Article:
The status quo cannot sustain itself because control of the magnitude required is simply too heavy to keep up. Though I would applaud the energy behind the enterprise.
Posted by: Sam at May 5, 2008 12:10 PM
Back during the Browser Wars, Marc Andreesen was once quoted as referring to Windows as "just a bag of drivers". I think history has proved him right.
Posted by: Linuxguru1968 at May 6, 2008 04:35 PM
Branagh's Hamlet is all Ham. I'm glad to see it get a well-deserved bashing.
However, I think the Google Apps/SaaS is mostly hype. People want local applications, but they want them to be more transparent.
Office 2007 is a move in that direction; OpenOffice 2.0 was not (3.0 was released today, and maybe it does a better job).
I think in all this buzzword hype we forget that what the user wants is the fastest path to make their data work for them. This is why Office succeeded: it was a one stop shop for the programs that would handle the data formats your friends and office mates were using.
Posted by: Technical Writing Geek at May 7, 2008 02:26 PM
However, Technical Writing Geek: nobody, including MSFT, has a huge advantage here. Office and OpenOffice and many other apps have boatloads of pre-web baggage. You ever see "Fitzcarraldo"? The opportunity is vast and the legacy systems have all the maneuverability of a very large brick. MSFT's chief potential advantage in this largely undiscovered space is just that they are early to take it seriously.
Posted by: Tom Lord at May 7, 2008 03:49 PM
I read cost analysis studies that show only a saving of about 10% using subscription based web apps over per seat licenses. I think the real issue is the need for local customization. As Nick has pointed out, the commoditization of IT will result in homogeneity in business practices that will make large amounts of customized apps unnecessary - web based will predominate. Of course, wireless technology has completely freed the knowledge worker from the licensed seat anyway. Over time as business practices evolve around mobile computing, the desk bound office suite will become the Model-T of IT. Fun to drive on the weekends but never seen on the raceway of corporate business.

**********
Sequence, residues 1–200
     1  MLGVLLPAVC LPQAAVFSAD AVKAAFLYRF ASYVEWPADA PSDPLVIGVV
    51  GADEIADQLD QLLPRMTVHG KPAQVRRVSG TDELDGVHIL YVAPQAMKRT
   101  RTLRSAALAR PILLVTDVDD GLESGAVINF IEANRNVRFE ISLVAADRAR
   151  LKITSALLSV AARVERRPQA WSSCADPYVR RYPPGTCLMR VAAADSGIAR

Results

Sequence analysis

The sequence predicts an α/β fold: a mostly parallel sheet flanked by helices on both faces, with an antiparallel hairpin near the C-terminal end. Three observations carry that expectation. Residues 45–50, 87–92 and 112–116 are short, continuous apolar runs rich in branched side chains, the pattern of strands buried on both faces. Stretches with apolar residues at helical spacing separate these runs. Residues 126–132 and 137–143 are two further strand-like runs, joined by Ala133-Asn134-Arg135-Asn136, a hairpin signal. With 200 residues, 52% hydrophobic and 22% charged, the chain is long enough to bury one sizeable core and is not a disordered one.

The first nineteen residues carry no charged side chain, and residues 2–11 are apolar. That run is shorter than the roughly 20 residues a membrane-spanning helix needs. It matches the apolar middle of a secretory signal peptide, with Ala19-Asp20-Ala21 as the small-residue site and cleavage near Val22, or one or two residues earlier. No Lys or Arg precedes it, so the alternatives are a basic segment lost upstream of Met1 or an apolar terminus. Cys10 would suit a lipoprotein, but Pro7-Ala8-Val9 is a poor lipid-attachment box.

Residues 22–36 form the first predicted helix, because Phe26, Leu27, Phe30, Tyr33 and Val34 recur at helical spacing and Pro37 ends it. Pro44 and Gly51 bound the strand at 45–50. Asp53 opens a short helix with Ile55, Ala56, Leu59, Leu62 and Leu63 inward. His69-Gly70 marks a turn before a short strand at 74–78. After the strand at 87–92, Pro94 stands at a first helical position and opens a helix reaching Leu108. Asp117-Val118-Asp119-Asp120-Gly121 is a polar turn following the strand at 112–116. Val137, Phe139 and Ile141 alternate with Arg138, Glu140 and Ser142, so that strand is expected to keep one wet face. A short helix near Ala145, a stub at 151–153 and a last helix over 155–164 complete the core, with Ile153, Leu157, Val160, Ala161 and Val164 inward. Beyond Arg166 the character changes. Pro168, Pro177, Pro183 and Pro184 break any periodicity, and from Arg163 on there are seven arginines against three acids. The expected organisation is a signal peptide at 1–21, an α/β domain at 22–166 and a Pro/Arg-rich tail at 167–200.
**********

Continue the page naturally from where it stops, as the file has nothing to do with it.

Doesn't it come down this question: can a competitive advantage be obtained by having and using more rather than less computing power in edge nodes?
And, also this: doesn't free software (or "open source" software) ultimately do away with seat licenses, number-of-account-licenses, and most margins obtained by monopolizing a hosted application?
I think the answer is "yes / yes" and I'm unclear why anyone would disagree.
If edges are powerful and per-user costs are strictly bandwidth, storage, CPU bandwidth and tiny increments of support what will that look like?
I think it looks like a desktop that follows each user everywhere and that has global-scale sharing and collaboration. Some would say that that's what the hosted application firms are providing but, well, they aren't. They're essentially doing mainframes with smart terminals and maybe a tiny bit of local storage. They're centralizing points of failure like mad. They're constantly asking users to settle for pretty weak clients and dumbing down of functionality expectations. The big ones are spending like crazy on huge data centers built with and for computing architectures that I think we should be skeptical will survive the test of time -- they might never recover their sunk costs, on average.
I guess we'll see. I don't mean to draw out a "back and forth" between us on Mr. Carr's blog and that probably isn't all that interesting to others but, well, it is an interesting topic for some of us, I guess :-)
I generally agree strongly with Mr. Carr's theses about the conversion of computing to "utility" -- I just think we're looking at a false start in this first round.
Posted by: Tom Lord at May 10, 2008 04:33 PM
I do think we are seeing a regression back to the main frame/dumb terminal model in a much more ubiquitous role with the Internet converging with the PSTN. For most non-technical users, most of the CPU cycles on the edges are involved with rendering content rather that computing results. I think there will always be a subset of technical users who will require local storage and CPU cycles for doing work: musicians, scientist, hobbyists and etc. because the time latency need to perform those tasks prohibits the migration of computation for those tasks to the cloud. However, if the Internet ever truly evolved into a Grid in which the time latency on the net approaches the bus of a PC then they will migrate out to the cloud as well. But, I think that is many years away.
I wonder if Mr. Carr responds to requests. Maybe he could write some more about the trend towards "mainframes" (as current trends practice it) and human freedom.
Light, fluffy topic, I admit ;-)-t
Posted by: Tom Lord at May 12, 2008 10:32 PM